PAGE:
When the story of the coronavirus pandemic is written, the verdict on Boris Johnson’s government is likely to be damning. Mr Johnson has made mistake after mistake, for which the country has paid a very high price. The prime minister is right in a sense that he presides over a “world-beating” performance: with 64,000 excess deaths, that is one excess death for every 1,000 people, the UK has recorded the largest global spike in deaths compared with the average yearly death toll; and the country will suffer the deepest depression of any developed economy.
Such a claim can be made because there’s no need to wait until all the facts are known. The gaffes are hiding in plain sight. Britain does not require the crisis to subside to analyse the country’s performance. The distinctive British response to this global challenge is one of missed opportunities and dismal misjudgments.
The UK went into lockdown too late, a decision that the former government modeller Neil Ferguson thinks has cost tens of thousands of lives – because the higher the coronavirus infection rate when restrictions were imposed, the higher the death rate. Then the country shut down its testing regime too soon, leaving it unable to track the speed and spread of the virus. During February and March, opportunities to suppress the spread of infection by introducing travel restrictions and quarantine requirements were missed, allowing the infection to be brought into the UK on at least 1,300 occasions.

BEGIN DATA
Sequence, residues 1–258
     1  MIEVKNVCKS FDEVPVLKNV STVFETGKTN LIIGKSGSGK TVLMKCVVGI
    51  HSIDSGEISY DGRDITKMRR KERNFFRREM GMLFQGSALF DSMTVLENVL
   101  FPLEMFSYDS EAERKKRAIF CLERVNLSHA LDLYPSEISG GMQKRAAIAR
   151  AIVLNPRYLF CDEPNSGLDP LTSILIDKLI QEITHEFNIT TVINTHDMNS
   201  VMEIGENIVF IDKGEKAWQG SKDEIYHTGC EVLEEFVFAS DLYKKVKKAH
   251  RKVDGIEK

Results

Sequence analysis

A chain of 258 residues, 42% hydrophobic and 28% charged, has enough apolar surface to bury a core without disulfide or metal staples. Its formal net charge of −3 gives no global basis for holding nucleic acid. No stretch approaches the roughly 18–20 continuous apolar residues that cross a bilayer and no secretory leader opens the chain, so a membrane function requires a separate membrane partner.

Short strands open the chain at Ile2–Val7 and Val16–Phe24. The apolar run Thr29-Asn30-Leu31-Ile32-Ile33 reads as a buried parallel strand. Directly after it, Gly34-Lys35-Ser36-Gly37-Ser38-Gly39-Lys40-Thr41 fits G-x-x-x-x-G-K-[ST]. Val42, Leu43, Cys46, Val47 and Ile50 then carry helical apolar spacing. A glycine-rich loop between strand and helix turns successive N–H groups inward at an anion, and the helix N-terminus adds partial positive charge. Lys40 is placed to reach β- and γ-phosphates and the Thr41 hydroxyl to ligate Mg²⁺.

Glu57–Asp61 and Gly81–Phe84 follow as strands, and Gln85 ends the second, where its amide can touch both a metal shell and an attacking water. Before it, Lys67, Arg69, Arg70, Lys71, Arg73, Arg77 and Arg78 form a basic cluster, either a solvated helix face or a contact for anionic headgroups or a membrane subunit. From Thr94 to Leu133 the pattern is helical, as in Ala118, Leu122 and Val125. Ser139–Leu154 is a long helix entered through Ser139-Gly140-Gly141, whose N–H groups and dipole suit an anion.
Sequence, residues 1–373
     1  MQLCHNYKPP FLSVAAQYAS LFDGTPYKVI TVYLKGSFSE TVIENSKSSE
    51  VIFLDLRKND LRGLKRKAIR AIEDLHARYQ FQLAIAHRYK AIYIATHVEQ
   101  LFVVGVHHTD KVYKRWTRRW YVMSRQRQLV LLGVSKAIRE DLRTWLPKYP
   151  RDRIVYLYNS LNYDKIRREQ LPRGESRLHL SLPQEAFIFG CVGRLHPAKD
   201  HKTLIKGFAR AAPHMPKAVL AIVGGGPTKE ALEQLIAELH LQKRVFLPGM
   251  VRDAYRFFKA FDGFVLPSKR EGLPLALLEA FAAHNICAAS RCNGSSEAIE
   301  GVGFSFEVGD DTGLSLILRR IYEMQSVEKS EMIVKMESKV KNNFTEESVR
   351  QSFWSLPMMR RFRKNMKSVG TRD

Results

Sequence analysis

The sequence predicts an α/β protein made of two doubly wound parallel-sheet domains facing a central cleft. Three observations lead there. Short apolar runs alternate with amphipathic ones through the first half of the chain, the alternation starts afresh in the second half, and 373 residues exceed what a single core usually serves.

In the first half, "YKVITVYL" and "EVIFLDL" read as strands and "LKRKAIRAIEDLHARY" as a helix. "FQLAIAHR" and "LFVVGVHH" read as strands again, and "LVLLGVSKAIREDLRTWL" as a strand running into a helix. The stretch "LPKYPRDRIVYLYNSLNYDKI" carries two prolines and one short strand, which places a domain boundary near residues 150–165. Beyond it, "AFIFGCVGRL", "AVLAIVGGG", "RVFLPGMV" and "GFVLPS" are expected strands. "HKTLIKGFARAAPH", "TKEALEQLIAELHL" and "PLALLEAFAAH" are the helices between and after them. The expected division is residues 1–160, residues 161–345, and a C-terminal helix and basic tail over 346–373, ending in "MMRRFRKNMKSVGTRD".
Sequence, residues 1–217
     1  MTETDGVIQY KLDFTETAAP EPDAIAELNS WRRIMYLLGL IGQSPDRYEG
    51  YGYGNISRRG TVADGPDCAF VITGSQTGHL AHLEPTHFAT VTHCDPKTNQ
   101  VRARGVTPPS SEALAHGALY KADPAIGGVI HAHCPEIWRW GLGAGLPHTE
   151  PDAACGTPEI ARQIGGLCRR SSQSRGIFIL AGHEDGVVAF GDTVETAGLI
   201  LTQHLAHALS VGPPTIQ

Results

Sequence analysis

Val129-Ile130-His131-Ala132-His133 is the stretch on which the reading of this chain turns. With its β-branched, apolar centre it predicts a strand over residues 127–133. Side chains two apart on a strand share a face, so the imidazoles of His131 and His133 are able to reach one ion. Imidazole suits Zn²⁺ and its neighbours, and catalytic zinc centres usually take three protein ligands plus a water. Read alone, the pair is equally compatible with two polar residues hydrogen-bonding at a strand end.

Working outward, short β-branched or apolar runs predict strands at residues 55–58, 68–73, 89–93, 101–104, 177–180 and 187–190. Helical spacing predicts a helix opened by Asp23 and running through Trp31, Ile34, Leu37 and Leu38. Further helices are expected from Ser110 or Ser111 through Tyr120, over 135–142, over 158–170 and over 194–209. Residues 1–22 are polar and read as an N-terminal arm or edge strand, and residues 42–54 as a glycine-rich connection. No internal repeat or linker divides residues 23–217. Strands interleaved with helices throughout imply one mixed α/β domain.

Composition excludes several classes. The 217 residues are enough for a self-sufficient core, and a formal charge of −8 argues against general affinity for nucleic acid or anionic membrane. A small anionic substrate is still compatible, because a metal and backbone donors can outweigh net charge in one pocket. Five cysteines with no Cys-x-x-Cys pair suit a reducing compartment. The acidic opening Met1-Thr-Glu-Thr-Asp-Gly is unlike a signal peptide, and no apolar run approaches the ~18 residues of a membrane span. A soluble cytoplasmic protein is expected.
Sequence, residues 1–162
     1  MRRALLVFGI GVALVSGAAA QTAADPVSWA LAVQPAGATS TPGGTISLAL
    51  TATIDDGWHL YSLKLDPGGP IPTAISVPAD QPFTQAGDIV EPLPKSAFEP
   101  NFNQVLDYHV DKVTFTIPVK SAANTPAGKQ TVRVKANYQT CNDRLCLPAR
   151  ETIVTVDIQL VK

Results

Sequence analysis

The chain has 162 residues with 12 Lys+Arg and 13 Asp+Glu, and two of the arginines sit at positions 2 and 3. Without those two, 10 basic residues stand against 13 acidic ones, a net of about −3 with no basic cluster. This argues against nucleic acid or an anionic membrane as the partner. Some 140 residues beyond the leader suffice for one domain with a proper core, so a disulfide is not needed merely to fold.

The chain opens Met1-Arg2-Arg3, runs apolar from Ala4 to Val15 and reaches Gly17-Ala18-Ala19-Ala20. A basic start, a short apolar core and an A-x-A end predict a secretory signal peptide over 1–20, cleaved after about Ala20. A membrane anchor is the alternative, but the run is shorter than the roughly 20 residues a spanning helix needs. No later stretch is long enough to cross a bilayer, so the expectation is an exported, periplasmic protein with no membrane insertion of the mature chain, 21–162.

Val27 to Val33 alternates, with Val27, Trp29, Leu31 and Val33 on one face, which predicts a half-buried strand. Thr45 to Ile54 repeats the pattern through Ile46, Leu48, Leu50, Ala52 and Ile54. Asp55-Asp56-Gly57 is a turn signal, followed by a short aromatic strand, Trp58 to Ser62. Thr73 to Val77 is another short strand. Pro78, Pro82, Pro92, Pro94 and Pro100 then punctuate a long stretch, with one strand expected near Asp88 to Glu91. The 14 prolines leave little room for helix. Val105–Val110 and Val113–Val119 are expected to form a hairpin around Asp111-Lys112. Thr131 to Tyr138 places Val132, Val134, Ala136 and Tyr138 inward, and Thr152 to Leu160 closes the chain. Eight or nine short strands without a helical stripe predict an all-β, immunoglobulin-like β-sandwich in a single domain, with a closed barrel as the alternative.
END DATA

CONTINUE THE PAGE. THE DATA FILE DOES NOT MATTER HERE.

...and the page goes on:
Entering the lockdown late cost lives, and leaving it early risks more needless deaths. Britain is opening up before dropping its alert level, because the will to hold out evaporated when Mr Johnson did not sack his chief adviser, Dominic Cummings, for breaching lockdown rules. Sacrifice could be borne as long as it was felt to be fair.
What Britain is dealing with is a government that has blundered, and continues to blunder. Which cabinet minister is responsible for the official guidance that instructed hospitals to discharge the elderly to care homes when testing and personal protective equipment was non-existent? Who has signed off on the policy to hand over contracts to private companies without competitive tendering or even a cursory check on whether they are up to the job? Which minister decided that local authorities who regularly manage outbreaks of meningitis and sexually transmitted diseases were not needed for the delayed test-and-trace system?
These are the reflexes of unthinking Conservative politicians, who view trade unions, local government leaders and professional bodies as powerful interest groups and influential lobbies to be thwarted, not listened to. In reality, most were attempting to help the government out of a hole by asking it to stop digging. What Covid-19 has revealed is who really makes society work and the value of public servants prepared to put their lives on the line. What the government does with that knowledge will tell the public about the true nature of those that govern it. It is an insult that foreign NHS staff and carers are still being charged for using the health service, despite the prime minister’s pledge to scrap these fees.
The buck stops at Downing Street, which was responsible for the discredited policy of herd immunity and the late introduction of the lockdown. The quickest way back to normality is by controlling the spread of the virus. The prime minister must recognise that mistakes were made and learn from them. The questions of what happened, why did it happen and what can be done to prevent this from happening again need to be answered. It is bizarre that Mr Johnson has precipitately announced a race review, one condescendingly aimed at ending a sense of victimisation, before confirming a public inquiry into the government’s handling of the pandemic. There will be real trouble if the prime minister refuses a reckoning with the truth.